Selected Articles from our
The C.A.S.H. Courier
ARTICLE from the Fall 2008 Issue
Hunting in Paradise? The Death of a Wild Pig in Hawaii
By Cathy Goeggel
We found her within 50 feet of a public road, her face contorted in the
death rictus of one who died an agonizing death. One of her teeth was
embedded in her hoof as she had tried to chew off the snare. It was obvious
that she had suffered intensely.
Hawaii’s dark side - the one that never shows up on travel posters or in
glossy brochures - is the treatment of their so called “alien species.”
These wild animals are routinely snared, trapped, speared, hunted with dogs,
poisoned on the ground and from the air, burned, shot with bows and arrows,
and gunned down from helicopters.
The snares used in Hawai’i now are cable, much thicker than the plain wire
ones used in earlier years. They are still cheap, approximately $14 for 100
feet, and are rarely checked. They are simply deployed and left.
Animals who stumble into them will suffer for hours and even days before
dying, and of course, the snares will catch any animal who has the
misfortune to stumble into them: dogs, cats, deer, sheep, goats...The snares
are set throughout the islands—on state and federal lands as well as private
property. In fact, it is state law that the government can enter private
property to seize and destroy plants and animals that are deemed invasive,
alien, and dangerous either to the ecosystem or agriculture.
We ask that people concerned about this do two things:
Contact our governor and our tourism department and let them know that you
will not consider Hawaii as a visitor destination until the snares are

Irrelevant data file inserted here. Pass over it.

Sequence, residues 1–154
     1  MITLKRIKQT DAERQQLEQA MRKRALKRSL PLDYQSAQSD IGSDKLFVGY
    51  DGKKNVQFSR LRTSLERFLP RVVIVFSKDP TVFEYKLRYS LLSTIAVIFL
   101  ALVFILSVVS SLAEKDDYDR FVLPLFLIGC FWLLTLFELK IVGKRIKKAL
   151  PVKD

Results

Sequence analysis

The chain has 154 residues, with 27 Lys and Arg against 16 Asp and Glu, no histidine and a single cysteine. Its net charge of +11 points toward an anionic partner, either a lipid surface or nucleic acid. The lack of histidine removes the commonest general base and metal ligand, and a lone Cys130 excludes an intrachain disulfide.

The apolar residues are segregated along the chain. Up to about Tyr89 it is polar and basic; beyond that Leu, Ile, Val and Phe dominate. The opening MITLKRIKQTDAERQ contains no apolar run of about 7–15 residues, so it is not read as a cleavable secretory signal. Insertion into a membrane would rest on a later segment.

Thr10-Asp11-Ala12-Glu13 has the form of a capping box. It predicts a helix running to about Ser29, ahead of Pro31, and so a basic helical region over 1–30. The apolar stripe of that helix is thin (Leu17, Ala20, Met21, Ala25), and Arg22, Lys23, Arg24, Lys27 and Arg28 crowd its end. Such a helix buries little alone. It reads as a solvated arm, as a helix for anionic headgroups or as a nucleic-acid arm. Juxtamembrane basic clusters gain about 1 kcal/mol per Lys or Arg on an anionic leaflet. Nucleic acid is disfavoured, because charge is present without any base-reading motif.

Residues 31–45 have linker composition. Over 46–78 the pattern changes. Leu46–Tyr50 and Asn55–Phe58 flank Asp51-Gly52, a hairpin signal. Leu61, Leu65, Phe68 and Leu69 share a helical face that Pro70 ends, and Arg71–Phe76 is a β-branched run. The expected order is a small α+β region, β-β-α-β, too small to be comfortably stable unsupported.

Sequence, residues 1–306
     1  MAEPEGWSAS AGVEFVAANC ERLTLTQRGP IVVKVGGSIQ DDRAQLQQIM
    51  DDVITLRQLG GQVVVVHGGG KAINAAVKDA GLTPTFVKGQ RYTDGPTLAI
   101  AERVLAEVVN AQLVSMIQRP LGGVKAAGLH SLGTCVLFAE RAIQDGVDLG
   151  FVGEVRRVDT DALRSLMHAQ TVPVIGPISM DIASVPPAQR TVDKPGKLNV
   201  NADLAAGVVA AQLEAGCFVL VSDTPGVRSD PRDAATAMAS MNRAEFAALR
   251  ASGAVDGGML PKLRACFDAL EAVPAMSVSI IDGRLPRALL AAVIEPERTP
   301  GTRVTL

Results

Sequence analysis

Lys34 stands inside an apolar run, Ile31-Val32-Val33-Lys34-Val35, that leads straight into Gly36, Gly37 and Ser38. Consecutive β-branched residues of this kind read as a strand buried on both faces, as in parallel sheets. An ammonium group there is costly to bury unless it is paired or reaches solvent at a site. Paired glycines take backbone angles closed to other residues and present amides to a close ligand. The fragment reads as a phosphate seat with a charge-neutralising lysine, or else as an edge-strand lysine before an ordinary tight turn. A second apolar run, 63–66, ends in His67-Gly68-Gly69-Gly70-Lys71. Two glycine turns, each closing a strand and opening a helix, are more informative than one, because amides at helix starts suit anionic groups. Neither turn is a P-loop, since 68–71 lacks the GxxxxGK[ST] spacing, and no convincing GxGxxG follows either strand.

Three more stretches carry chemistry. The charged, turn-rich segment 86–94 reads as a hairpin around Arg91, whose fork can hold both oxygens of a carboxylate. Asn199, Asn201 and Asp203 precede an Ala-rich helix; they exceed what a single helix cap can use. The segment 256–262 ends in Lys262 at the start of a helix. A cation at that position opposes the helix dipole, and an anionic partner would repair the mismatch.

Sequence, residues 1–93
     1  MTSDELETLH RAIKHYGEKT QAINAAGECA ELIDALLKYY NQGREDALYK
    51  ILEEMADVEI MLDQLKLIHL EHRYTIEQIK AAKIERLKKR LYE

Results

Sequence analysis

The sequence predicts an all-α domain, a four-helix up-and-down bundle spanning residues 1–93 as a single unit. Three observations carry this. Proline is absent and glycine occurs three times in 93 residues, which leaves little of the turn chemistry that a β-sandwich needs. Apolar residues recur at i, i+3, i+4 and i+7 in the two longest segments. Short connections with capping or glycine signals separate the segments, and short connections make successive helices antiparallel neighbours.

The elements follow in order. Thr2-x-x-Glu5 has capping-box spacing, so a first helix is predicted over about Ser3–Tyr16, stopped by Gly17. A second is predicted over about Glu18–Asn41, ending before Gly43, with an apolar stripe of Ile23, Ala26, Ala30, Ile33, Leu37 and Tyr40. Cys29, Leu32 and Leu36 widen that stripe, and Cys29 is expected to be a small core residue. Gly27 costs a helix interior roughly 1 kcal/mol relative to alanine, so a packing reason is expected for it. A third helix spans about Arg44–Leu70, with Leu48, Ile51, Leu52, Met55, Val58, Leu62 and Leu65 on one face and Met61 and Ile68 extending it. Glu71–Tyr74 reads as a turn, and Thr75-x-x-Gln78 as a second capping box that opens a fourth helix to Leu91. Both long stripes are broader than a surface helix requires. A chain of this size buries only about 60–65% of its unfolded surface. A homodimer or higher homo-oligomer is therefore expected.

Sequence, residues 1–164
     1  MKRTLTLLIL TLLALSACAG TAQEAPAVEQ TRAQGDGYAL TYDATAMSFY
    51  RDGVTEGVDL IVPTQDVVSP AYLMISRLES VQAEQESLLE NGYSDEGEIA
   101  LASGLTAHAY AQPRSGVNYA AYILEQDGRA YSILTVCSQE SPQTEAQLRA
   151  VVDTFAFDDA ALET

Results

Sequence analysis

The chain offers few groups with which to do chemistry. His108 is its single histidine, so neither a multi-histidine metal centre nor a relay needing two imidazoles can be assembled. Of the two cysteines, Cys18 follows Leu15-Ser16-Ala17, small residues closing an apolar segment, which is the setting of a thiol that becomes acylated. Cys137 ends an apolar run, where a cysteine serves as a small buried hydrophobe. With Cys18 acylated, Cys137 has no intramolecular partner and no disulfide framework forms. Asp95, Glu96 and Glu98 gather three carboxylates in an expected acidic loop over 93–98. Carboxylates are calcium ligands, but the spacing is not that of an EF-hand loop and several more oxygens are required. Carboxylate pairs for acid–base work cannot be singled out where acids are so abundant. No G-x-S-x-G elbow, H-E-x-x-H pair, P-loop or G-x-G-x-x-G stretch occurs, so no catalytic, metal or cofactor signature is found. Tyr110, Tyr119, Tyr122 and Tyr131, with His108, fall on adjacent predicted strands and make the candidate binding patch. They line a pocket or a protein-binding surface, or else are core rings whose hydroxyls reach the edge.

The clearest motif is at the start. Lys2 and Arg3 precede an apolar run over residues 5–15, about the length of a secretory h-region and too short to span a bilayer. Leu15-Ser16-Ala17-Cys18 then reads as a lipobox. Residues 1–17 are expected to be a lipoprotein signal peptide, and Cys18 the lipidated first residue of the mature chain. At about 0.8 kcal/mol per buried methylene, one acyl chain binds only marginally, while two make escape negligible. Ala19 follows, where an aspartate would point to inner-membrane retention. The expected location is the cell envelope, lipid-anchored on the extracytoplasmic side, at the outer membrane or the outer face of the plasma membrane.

The Honorable Linda Lingle
Governor, State of Hawai’i
Phone: 808 586-0034
Fax: 808 586-0006
email: [email protected]
Hawaii Tourism Authority
Telephone: (808) 973-2255
Fax: (808) 973-2253
There is currently no director for the HI Tourism Authority- the last
director was forced to resign after the discovery that he was using his
state computer to forward racist and sexist e-mails.
After Cathy sent the article above, we asked her for more information about
hunting in Hawaii. This is what she wrote: Hunting is allowed only in public
hunting areas (state or federal property) or private lands (Nature
Conservancy and other landowners). DLNR Division of Forestry and Wildlife
has a dual role: to promote sport hunting and to protect native species.
Their goal is not to eradicate all the pigs, but to remove them from
sensitive areas (native plants) and where they are a nuisance to residents.
However, the pigs are very fecund and are very good at surviving, especially
at high elevations. They usually stay in the mountains, coming close to
human habitation when there is a shortage of water.
Some hunters may be releasing young pigs back into the forest, but that is
illegal . We have no numbers on any of the DOFAW activities. I have
attempted to access body counts, but have not been successful.
The local pig hunters, who hunt with dogs and use spears and knives, are
known to ignore the regulations. They consider the pigs to be theirs,
because of their Hawaiian heritage. They take great pride in bringing home a
large pig—often splayed across the hood of their trucks. Since pig hunting
is allowed twice a week on some popular hiking trails, there have been
confrontations, and now the hunters are demanding that hiking be
The local pig hunters do not like unattended snares, because they waste the
meat. Some hunters use leg snares, but they usually stay by them, and
dispatch the pig by knife.
The snared pigs die from infection, exposure, strangulation (if caught
around their necks), or blood loss from stab wounds.
Cathy Goeggel is the Director of Animal Rights Hawaii.
Please visit www.Animalrightshawaii.org .